Step 3: Remove the water-damaged sub floor and insure the concrete floor, if one exists, is dry
Removing the affected hardwood planks is just the first step in mapping out the flooring to be repaired. As the top layer of wood is removed, the plywood sub floor must also be inspected to insure its integrity. If the sub floor is moldy or substantially weakened by the water, then the hardwood top layer must be pulled off, even if it appears unaffected by the water.
If there is concrete underneath the plywood sub floor, the concrete must be allowed to expel any moisture that may have been trapped by the subfloor. If new plywood is patched into the existing sub floor before the concrete is dry, that moisture will travel up through the sub floor to the hardwood planks, potentially causing problems.
Knowing how to properly use a Moisture Meter and a Thermo-hygrometer is key to successfully identifying a dry substrate.
Step 4: Replace the sub floor and lace in new hardwood planks
Once the foundation upon which the sub floor will be installed is determined to be dry, the plywood sub floor previously removed can be replaced. It’s important that during this step the flooring expert installs a moisture barrier, if required, and the appropriate sound absorbing material, such as cork, if you live in high-rise building. Leaving this step out can open the door to future problems or result in a floor that doesn’t look or feel the way the original floor does.
When the plywood sub floor repair is complete, the wood flooring craftsman can go about the process of selecting, sizing, cutting and installing new wood planks to replace the ones that were removed. It’s at this stage where the experience and talent of the flooring company reveals itself. Weaving new planks into an existing floor is an exacting task that requires patience and the highest attention to detail. If care is not taken, gaps between the new and old wood will seem like canyons creating an outline of the repair that’s unsightly not to mention the potential for major structural problems if the new planks are not stitched in correctly.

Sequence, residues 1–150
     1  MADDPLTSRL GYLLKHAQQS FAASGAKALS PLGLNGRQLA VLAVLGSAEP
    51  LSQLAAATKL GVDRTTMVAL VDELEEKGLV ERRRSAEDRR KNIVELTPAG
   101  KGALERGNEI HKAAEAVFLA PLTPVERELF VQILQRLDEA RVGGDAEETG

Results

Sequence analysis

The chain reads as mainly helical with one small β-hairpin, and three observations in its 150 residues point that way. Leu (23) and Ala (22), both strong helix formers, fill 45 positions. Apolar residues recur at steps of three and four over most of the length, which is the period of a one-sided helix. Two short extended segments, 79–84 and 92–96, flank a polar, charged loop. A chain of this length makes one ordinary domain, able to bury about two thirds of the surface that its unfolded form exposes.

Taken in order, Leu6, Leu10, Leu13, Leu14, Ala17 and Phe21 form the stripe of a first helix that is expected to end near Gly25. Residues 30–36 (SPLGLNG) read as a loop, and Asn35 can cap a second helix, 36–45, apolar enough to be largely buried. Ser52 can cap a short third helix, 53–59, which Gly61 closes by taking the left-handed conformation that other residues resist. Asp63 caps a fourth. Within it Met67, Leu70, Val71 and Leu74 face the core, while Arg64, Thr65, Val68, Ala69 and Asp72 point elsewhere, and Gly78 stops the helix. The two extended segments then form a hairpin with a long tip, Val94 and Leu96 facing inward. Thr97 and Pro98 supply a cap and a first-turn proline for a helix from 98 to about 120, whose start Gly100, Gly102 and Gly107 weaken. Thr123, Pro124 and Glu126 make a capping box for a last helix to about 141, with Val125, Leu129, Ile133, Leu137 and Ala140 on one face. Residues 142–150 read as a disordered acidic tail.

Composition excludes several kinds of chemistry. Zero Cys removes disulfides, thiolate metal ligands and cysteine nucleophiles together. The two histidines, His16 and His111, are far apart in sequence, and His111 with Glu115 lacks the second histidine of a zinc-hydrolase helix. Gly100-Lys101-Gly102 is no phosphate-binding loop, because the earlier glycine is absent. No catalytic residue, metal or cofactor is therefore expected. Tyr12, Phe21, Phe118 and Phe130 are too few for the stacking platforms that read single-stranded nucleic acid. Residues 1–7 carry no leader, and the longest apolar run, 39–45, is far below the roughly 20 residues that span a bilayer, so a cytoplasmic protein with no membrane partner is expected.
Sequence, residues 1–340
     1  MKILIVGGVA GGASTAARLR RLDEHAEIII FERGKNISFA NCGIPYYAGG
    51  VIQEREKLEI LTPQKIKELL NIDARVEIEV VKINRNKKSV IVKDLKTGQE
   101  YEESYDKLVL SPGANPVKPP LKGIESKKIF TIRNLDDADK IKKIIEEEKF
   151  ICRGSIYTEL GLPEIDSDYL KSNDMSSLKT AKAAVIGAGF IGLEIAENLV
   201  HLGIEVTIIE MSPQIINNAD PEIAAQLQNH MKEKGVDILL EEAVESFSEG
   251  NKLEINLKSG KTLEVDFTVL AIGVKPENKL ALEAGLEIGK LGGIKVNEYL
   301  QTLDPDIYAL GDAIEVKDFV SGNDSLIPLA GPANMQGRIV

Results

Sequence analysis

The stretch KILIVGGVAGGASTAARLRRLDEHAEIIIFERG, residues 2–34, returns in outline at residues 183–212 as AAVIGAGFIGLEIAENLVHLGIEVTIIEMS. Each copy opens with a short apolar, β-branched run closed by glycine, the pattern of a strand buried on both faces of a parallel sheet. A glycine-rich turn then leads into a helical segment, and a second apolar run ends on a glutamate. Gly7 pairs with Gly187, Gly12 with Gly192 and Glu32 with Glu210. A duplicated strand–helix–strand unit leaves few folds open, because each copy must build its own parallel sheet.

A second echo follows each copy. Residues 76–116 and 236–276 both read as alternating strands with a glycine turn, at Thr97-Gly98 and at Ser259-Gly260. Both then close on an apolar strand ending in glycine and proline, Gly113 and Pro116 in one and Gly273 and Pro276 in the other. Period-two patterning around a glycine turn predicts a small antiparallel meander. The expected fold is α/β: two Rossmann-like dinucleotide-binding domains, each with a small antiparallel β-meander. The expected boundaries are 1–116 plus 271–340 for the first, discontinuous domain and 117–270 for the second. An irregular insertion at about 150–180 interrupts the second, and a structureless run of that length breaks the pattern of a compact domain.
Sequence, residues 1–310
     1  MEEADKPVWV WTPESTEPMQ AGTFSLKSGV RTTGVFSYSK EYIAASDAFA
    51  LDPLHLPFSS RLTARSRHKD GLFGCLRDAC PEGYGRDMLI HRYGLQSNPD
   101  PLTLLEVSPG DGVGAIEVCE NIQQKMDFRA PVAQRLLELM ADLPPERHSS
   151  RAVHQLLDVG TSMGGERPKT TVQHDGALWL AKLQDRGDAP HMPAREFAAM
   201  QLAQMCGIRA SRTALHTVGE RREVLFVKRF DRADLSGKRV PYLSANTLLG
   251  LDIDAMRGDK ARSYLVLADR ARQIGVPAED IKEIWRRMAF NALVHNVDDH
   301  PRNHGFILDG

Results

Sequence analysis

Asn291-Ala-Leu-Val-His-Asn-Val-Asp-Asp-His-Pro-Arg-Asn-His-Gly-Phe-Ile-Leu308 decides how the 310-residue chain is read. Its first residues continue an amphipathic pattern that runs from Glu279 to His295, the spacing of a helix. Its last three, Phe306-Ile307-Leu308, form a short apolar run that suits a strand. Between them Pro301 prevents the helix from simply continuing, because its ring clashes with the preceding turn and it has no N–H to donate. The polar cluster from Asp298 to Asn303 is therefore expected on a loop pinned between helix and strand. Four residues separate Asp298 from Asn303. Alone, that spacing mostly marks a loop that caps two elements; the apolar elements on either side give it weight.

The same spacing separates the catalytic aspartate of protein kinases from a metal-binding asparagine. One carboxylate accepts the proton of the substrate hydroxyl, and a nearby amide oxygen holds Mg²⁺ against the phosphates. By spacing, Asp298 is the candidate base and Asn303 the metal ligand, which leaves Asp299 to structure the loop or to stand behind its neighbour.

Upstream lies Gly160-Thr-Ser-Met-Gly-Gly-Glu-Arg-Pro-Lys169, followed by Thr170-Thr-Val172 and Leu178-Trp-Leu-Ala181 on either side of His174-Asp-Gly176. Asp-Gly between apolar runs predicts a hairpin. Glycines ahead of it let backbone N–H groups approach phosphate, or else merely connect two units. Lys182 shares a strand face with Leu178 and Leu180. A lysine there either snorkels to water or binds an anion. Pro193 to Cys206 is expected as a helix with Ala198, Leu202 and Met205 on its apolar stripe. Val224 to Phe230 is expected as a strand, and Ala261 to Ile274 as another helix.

Step 5: Sanding and Refinishing the entire floor
Once the physical repair is made to the floor, the most uniform results are obtained by sanding and refinishing the entire room where the water damage occurred. As previously suggested, the natural color of wood changes with age, sunlight and sourcing. Sanding staining and refinishing the entire floor minimizes these variables.
If cost limits your ability to refinish the entire floor of a room, then a “spot” refinish is possible but it will come with compromises. First, it will be more difficult to match or hide differences in color because you will need to match the impact of the sun and age with the replacement planks. Tweaking the color of the stain used on the wood can help, but it’s a challenge. Second, you may see lap lines which are the “brush strokes” that occur when polyurethane is applied to a floor. Because each coat of polyurethane is relatively thick, matching the levels of the repair and existing floors is a challenge. Third, without the ability to machine the new and existing planks together the new planks will sit at a slightly higher level than the existing floors and be very noticeable when you run your hand across the surface.